The absolute lack of light was appropriate, for at that moment I was as far from God as I have ever been. My separation from Him, the deepest and most ravaging of the various kinds of loneliness I'd felt over the years seemed finally complete. It wasn't. I thought I'd left him but He hadn't left me. I felt something very powerful start to happen to me, a sensation of utter peace, clarity and sobriety. I didn't believe it at first. I couldn't understand it.... the feeling persisted though and then my mind started focusing on God.... there in Nickajack cave I became conscious of my destiny. I was not in charge of my own death. I was going to die at God's time, not mine. I hadn't prayed over my decision to seek death in the cave, but that hadn't stopped God from intervening.I told my mother that God had saved me from killing myself. I told her I was ready to commit myself to Him and do whatever it took to get off drugs. I wasn't lying.
In the wake of the box office success of "The Passion Of The Christ," 20th Century Fox and other studios are seeking to capitalize on the phenomenon by creating faith-friendly products, finally coming to the obvious conclusion that eluded them for so long: Millions of Americans want to experience media that affirms their faith instead of mocking or marginalizing it. What they don't yet seem to realize is that instead of creating an endless stream of third-rate productions about the end of the world and releasing them in a handful of markets or in churches, the best way to meet the demands of the red states is simply to faithfully retell great stories that have a strong faith component while simultaneously ensuring that they remain of interest to those who may not consider themselves religious or even spiritual. Any audience will put up with a certain amount of religion, so long as it is part of the natural fabric of a good story.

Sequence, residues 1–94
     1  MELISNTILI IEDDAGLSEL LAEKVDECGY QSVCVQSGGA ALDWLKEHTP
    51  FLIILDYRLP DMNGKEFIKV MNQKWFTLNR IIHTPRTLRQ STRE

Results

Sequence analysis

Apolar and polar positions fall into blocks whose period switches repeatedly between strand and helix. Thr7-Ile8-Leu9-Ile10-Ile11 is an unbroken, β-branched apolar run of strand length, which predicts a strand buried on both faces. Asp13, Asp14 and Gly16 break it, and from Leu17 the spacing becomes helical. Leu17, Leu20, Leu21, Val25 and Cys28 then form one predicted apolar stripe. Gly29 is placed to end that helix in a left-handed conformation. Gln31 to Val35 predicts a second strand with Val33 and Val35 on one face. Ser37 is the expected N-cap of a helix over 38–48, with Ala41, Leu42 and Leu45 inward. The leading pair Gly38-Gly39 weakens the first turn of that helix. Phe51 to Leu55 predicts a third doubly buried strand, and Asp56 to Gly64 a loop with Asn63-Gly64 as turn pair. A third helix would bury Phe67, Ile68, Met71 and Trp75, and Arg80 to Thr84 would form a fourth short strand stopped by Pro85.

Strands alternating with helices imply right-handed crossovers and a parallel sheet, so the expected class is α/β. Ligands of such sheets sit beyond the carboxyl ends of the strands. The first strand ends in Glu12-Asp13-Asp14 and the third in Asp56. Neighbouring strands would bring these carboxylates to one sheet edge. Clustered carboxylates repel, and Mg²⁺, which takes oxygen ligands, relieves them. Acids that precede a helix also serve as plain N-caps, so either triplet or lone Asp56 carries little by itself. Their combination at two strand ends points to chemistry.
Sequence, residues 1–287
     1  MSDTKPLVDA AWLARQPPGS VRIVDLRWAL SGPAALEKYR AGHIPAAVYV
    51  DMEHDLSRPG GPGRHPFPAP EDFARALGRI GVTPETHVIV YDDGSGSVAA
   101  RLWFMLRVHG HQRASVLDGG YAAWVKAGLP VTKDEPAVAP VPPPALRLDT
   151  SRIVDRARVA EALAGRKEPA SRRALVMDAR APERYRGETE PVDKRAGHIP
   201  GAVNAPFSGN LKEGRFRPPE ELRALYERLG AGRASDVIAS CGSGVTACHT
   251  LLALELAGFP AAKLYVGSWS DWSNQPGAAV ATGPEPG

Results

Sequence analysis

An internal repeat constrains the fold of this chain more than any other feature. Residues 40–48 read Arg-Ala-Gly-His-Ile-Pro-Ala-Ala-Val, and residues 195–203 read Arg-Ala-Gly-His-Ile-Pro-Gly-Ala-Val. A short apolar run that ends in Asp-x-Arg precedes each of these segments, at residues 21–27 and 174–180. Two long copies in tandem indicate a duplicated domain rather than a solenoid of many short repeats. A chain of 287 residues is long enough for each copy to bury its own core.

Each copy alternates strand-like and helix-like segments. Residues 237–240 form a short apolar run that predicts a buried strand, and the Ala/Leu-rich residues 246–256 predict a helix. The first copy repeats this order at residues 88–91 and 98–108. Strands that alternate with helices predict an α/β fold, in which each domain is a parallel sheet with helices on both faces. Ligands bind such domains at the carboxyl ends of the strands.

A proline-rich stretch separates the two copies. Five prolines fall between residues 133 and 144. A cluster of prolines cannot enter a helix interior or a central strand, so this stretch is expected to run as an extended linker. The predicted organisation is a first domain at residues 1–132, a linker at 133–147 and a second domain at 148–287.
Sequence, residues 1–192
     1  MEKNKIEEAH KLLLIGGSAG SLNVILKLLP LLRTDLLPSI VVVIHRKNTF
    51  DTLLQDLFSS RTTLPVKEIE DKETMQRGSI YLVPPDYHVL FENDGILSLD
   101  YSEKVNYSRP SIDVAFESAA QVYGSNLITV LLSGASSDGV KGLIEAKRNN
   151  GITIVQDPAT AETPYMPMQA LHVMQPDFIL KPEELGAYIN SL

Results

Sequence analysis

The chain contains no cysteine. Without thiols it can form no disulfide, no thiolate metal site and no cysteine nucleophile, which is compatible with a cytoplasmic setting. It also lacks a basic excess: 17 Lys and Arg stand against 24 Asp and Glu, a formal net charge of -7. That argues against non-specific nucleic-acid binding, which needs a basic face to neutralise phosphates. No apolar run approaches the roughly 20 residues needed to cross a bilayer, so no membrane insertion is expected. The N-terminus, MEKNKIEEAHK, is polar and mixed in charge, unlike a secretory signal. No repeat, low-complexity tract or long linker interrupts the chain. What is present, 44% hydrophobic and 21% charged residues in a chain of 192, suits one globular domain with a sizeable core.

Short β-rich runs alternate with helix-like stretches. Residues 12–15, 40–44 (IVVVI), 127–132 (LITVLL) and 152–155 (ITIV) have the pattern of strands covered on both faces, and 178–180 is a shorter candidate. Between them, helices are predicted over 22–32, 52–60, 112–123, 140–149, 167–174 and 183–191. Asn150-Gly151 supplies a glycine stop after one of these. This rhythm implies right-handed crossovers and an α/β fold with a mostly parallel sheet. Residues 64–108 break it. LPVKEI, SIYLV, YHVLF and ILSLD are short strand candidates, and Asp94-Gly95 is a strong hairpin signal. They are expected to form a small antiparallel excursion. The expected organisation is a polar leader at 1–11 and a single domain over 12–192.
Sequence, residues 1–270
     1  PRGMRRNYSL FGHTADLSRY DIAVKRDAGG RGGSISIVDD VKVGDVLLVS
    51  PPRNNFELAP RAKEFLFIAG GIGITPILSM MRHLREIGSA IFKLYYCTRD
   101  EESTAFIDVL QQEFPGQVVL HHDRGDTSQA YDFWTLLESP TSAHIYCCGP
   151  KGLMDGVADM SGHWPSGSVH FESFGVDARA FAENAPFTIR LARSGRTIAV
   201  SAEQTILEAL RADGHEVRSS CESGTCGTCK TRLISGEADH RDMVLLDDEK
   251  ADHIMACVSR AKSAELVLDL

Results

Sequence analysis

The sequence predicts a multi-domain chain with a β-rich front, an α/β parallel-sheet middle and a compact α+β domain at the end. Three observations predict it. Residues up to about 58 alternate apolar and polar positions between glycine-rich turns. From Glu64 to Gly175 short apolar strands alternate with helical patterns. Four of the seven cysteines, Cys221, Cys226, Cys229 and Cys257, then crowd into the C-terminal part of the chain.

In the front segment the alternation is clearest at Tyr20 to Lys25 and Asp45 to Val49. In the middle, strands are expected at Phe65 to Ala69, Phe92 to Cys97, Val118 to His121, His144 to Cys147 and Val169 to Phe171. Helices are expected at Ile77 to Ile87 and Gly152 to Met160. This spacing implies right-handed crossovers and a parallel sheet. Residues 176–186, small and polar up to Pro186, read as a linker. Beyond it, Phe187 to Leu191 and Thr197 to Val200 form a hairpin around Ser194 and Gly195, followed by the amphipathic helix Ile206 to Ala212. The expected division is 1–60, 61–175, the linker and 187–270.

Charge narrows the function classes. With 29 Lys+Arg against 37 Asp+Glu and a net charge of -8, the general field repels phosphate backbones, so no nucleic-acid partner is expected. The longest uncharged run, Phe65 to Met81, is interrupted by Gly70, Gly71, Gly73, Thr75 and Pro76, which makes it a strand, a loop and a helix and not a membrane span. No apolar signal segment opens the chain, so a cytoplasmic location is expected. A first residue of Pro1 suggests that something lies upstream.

"Walk The Line" is a faith-lite version of a faith-filled story, and if traditionalists are smart they will punish it for its unfaithfulness not with loud protests, but by giving it the treatment they so brilliantly dished out to another picture, "Saved," a film that depicted a Christian high school in a stereotypically negative fashion. That film's backers were practically begging for a boycott, which they correctly understood as the only thing likely to save their film from the trash heap of obscurity it so richly deserved to be tossed into. Instead what it got from the leadership of the faith community was the worst punishment of all: It was ignored.
"Walk The Line" is a gorgeous movie, smartly told with some outstanding acting that will likely garner Reese Witherspoon an Academy Award nomination. It'd be a great movie if it weren't so manifestly incomplete. It releases in theaters on November 18th, a great day to stay outdoors and honor Cash's true memory by instead picking up a copy of "Cash-The Autobiography" or Steve Turner's "The Man Called Cash" and one of his American Recordings CDs, lovingly produced by an unlikely hero named Rick Rubin. He's a man who may not have shared Cash's faith, but well understood that Johnny Cash could never be understood in the absence of the God who gave him the strength to rebuild his shattered life as best he could, provided an angel named June to give him a second start, and empowered him to continue making unforgettable music that gave hope to many.